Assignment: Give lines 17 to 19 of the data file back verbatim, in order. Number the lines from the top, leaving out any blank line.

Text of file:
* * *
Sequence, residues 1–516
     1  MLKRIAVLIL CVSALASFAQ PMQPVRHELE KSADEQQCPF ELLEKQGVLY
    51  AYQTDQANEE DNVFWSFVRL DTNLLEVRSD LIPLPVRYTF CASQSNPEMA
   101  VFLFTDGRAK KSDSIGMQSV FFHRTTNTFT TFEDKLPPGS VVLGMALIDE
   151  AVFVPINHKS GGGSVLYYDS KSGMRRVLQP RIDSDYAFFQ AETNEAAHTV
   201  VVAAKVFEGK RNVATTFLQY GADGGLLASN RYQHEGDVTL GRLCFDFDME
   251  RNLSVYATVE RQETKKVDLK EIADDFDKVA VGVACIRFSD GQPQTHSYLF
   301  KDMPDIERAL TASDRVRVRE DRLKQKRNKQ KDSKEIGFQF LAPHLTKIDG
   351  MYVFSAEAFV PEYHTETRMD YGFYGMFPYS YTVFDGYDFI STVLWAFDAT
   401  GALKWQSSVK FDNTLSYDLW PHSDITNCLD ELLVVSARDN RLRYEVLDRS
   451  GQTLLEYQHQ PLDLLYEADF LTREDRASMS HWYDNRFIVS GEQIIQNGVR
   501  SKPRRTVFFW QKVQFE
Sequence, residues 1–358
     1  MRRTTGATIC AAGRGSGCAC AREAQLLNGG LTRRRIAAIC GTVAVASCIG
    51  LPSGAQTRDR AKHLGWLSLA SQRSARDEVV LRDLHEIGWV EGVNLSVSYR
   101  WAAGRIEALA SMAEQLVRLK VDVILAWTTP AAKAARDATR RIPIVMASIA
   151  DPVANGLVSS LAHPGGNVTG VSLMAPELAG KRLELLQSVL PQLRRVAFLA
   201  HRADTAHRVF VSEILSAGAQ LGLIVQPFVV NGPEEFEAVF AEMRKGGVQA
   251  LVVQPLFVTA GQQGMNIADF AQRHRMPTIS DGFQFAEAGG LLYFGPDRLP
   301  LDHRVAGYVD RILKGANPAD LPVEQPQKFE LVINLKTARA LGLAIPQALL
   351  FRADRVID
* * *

   151  DPVANGLVSS LAHPGGNVTG VSLMAPELAG KRLELLQSVL PQLRRVAFLA
   201  HRADTAHRVF VSEILSAGAQ LGLIVQPFVV NGPEEFEAVF AEMRKGGVQA
   251  LVVQPLFVTA GQQGMNIADF AQRHRMPTIS DGFQFAEAGG LLYFGPDRLP